SYRACUSE, N.Y. – No matter the scheme or philosophy, football coaches across America love to say that their teams make their most progress between Weeks 1 and 2.
The thinking goes that all the jitters, hiccups and missteps that come in a season opener fall by the wayside, and a team can take a big step – perhaps the biggest – toward reaching its full potential.
Florida State and coach Willie Taggart hope that the Seminoles are a week behind schedule, and there’s good reason to think they might be.
Because after opening their season with two games in five days, in a sense playing two games in their Week 1, the Seminoles are entering this week’s contest at Syracuse having just finished their first full, “normal” week of game-planning and practices.
Which means that Saturday’s visit to the Carrier Dome could be a fine opportunity for the Seminoles to start clicking in all three phases of the game.
That thought has occurred to Syracuse coach Dino Babers.
“I think these guys are ready to explode on somebody,” Babers said earlier this week. “And I hope it’s not us.”
This would be a good time do it.
Both to get on the right side of .500 and to even their conference record, but also to calm the nerves of an antsy fanbase that watched the Seminoles drop a 24-3 decision to Virginia Tech on Labor Day, then follow that up with a fourth-quarter rally to beat Samford the following Saturday.
“It’s on us to change that,” Taggart said. “We can’t ask anyone to say nice things to us all the time if we’re not doing our part.”
In Syracuse, the Seminoles will face a challenge, but also an opportunity.
Orange quarterback Eric Dungey (646 total yards, eight TDs) is one of the ACC’s best, and at 6-4, 226 pounds, is as much a threat to run as to pass.
Dungey, along with junior receiver Jamal Custis (209 yards, three TDs), leads an offense that’s averaging more than 508 yards and 58.5 points per game.
Both those numbers are among the highest in the country.
“We know how the game is going to flow,” FSU cornerback Levonta Taylor said. “Trick plays, bubble screens, stuff like that. So, we’ve just got to come to play Saturday.”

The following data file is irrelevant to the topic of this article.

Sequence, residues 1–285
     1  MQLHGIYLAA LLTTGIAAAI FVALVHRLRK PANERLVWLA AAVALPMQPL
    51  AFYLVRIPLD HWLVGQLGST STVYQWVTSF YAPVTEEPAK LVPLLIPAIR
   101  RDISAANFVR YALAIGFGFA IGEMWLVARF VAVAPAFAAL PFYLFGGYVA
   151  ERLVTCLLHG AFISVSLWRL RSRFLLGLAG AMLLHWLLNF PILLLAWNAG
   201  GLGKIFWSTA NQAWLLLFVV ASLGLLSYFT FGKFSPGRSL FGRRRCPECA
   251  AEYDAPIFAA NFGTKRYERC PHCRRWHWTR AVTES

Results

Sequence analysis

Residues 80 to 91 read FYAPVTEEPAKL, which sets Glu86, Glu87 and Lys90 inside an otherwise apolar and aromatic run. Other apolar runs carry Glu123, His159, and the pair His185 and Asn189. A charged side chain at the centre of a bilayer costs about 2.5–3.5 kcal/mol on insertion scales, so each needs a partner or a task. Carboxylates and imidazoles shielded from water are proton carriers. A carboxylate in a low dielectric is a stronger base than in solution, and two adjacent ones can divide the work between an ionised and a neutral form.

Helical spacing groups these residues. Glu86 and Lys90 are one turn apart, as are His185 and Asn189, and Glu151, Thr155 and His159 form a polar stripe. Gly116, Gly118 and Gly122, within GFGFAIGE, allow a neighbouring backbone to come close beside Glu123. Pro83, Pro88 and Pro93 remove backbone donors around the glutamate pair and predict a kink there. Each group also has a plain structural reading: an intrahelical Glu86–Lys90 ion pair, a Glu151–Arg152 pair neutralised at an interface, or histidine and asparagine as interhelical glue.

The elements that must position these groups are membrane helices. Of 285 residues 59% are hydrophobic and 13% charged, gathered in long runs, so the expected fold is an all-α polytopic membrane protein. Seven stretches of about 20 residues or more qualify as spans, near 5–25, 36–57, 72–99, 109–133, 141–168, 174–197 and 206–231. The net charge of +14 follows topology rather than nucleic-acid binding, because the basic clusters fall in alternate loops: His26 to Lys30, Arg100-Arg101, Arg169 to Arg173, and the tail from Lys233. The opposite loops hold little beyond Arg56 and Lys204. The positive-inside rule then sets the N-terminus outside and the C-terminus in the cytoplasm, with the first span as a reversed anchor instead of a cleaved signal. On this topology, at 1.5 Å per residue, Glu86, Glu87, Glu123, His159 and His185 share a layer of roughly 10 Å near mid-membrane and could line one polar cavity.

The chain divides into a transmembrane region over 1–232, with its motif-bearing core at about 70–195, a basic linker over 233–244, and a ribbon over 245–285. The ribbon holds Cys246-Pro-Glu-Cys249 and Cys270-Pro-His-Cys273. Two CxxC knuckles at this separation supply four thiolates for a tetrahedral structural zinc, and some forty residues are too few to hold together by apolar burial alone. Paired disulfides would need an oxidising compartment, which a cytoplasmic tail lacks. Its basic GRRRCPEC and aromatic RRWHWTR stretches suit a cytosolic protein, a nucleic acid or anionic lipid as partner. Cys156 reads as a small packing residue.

Then again, Syracuse’s gaudy stats and point totals came against Western Michigan and Wagner, neither of which measure up to FSU’s competition so far.
That Western Michigan managed 621 yards and 42 points against the Orange two weeks ago suggests that FSU’s offense could perhaps be in for a “get-right” game on Saturday.
“We are close,” Taggart said. “We show signs of what we can be on the offensive side of the ball. … I see an improvement this week. It’s all technical more than anything, and everything that’s a problem with our O-line and in our offense is all correctable. That’s why we’re not panicking.”
Although the two programs haven’t had much in common lately – FSU has won 10 straight against Syracuse, and the Orange hasn’t so much as been to a bowl game since 2013 – there may be lessons for the Seminoles to learn from Syracuse as they gauge their progress in Taggart’s first year.
They’re not exactly the same, but there are similarities between Taggart’s “Gulf Coast” offense and the hurry-up, no-huddle style that Babers employs at Syracuse.
And, like FSU, the Orange went through a few growing pains as it transitioned into a new offensive scheme.
At the time, Babers told reporters that it would take around 15 games the team to fully adapt – “Year 2, Game 4,” to be more specific.
Beset by injuries, the Orange didn’t improve its overall record in Babers’ second year, but it did claim a signature win: a 27-24 triumph over then-No. 3 Clemson at the Carrier Dome.
And early returns, competition level aside, suggest that Syracuse could take things up a notch in Babers’ third year at the helm.
Florida State, meanwhile, is on Game 3 with Taggart, and no doubt hoping for an accelerated timeline.
That could start this week, if the Seminoles can make that first big stride.
“We’ll get there,” Taggart said. “We’re a little better than we were Week 1, and we’ve got to be much better as we go up against Syracuse this week.
“And I know our guys will be.”
Gainer potentially available … Taggart said Thursday that freshman linebacker Amari Gainer is expected to play for the first time this season. A Tallahassee native and early-enrollee, Gainer had a standout spring but then suffered a foot injury on the first day of fall camp.
His return is most welcome news for a linebacker corps that’s still recovering from injuries to veterans while starting a pair of freshmen in Jaiden Woodbey and DeCalon Brooks.
“He’s had a good week of practice, without any setbacks,” Taggart said. “And hopefully he can go in and help us a little bit this week.
Sticking with Ricky … Taggart is standing by kicker Ricky Aguayo, who has started the season by making one of his four field-goal attempts. That led to questions that Taggart might consider using junior Logan Tyler in some field goal situations, especially since Tyler has handled long-range field goal duties in the past.
Taggart, however, said he doesn’t plan to make a change, and that he’s confident Aguayo will return to form.
“Ricky has shown before that he can kick field goals and do a good job at it,” Taggart said. “… He is just kind of like our entire football team – just needs to be consistent, focus and do what we know we’re capable of doing.”
Odds and ends …
Week 3 interviews …
Head coach Willie Taggart
DT Marvin Wilson
CB Levonta Taylor
Defensive coordinator Harlon Barnett
RB Cam Akers
Offensive coordinator Walt Bell